5: Don’t confuse nationalism with patriotism.
Patriotism: “love for or devotion to one’s country”
Nationalism: “a sense of national consciousness exalting one nation above all others and placing primary emphasis on promotion of its culture and interests as opposed to those of other nations or supranationalgroups”
Too many of my old friends and acquaintances parade nationalism under the guise of patriotism, thinking that challenging us to be better — or even thinking that we can be better, for that matter — is heresy of the highest order and it implies that you hate your country. Caring about the statues of a not-so-glorious past, fiction & lore around founding fathers, and projecting international superiority have become more important than caring for the people within the country. When the concept of the country becomes more important to you than the people living within it, you’ve officially transitioned from patriotism to nationalism.
6: Stop pretending that protesting isn’t “legitimate” because it’s not “doing anything.”
A common complaint I hear from anti-protesters (which was a hilarious word to write), is the fact that they feel like protesting is pointless. “If you really care about making a change, you should go out and actually DO something about it.” My question always becomes, “Like what? What would you suggest?” I ask this because to even make that statement, there is a foundational assumption that these people have not been doing anything, which is a wildly unfounded, and often incorrect, assumption to make. And even when this is the first/only step that people are taking to make change, protesting, marching, and generally demonstrating is one of the most productive peaceful means of conveying unity for a group that is being underrepresented or dismissed. It calls attention to the fact that it does indeed matter to people — that there is, in fact, a problem here. It lays the foundation for informed conversation at levels that can truly impact change. The sense of entitlement that emanates from people that are annoyed that some streets have been shut down/they had to listen to some people shouting things they disagree with, when contrasting this against the experience of people who have been pushed so far that they feel the need to demonstrate, is palpable.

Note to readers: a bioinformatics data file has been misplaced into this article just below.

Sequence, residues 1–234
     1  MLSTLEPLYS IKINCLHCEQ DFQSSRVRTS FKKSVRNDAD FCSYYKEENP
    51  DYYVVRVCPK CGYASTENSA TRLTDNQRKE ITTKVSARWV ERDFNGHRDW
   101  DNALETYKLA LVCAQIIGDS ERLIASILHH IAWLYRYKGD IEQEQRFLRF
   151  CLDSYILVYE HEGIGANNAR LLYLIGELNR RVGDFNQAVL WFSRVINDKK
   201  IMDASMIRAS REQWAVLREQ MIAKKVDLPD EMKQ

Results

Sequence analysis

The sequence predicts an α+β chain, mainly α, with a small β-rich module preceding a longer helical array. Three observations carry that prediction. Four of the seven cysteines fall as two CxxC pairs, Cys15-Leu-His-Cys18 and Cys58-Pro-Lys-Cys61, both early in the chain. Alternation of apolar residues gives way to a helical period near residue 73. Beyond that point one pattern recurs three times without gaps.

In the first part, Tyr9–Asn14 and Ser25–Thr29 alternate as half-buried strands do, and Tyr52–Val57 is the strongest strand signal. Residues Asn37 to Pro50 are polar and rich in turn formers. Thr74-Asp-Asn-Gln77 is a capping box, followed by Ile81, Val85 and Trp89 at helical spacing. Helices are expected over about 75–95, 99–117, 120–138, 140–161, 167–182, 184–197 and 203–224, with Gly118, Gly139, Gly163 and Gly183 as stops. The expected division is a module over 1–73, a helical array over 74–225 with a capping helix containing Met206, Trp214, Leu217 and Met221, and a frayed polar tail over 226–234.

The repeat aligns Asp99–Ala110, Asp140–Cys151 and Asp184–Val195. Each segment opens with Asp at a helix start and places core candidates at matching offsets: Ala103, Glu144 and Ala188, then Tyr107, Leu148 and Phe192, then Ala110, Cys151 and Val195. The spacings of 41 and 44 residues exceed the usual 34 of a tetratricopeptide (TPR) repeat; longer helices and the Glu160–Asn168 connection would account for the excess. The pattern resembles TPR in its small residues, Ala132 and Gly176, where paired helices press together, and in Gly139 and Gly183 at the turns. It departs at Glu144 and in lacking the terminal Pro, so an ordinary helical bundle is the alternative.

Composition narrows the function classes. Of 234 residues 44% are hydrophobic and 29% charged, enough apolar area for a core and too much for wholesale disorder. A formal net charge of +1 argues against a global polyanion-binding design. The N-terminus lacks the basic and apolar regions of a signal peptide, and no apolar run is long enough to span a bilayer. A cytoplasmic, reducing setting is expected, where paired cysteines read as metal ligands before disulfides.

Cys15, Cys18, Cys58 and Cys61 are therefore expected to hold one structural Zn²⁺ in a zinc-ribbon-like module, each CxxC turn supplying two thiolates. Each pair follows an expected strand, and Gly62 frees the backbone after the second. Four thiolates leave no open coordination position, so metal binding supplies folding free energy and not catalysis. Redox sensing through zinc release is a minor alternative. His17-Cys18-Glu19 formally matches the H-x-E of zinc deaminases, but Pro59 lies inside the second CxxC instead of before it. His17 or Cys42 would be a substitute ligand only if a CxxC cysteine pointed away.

7: “Better than it was,” is not good enough.
This is one of the biggest copouts in history- that we’ve come far enough, or “I don’t think you all appreciate how good [INSERT GENERALIZED GROUP] have it now compared to when I grew up…”
Cool. Glad we’re progressing. Now stop using past progress as a means to slow down future progress. We can always be better, and the America I was raised to believe in was founded on that idea. Also, see the example in number four for more reasons why better isn’t good enough.
8: Stop creating monoliths.
As humans, we have a nasty habit of “bucketizing” people- meaning we stick a label on them and then they are only allowed to be that thing in our minds (Actor, singer, Republican, mother, etc). People are complex. YOU are complex. So are athletes. Sports are played by athletes, who are people. Stop complaining that politics and sports are intersecting. Until the Robot Football League launches (which will inevitably happen by 2080, I’m calling it), try to accept the fact that athletes are people doing a job, just like you when you head to your desk. Their social status and income level don’t disqualify them from their humanity. They have the right to be pissed off about the way things are, just like you and me. And if they want to use their platform to talk about issues that matter to them, it’s just like you hopping onto your Twitter or blog and ranting. You just want to “watch the game in peace?” They’d love to be able to feel the sense of ease that you feel on a regular basis, even when you’re not “relaxing.”
So, I guess what I’m trying to say is, next time you feel your blood starting to boil or your annoyance meter rising, put things into perspective. Stop making assumptions about things you don’t actually know. And most of all, look in the mirror long and hard first.
Also published on Medium!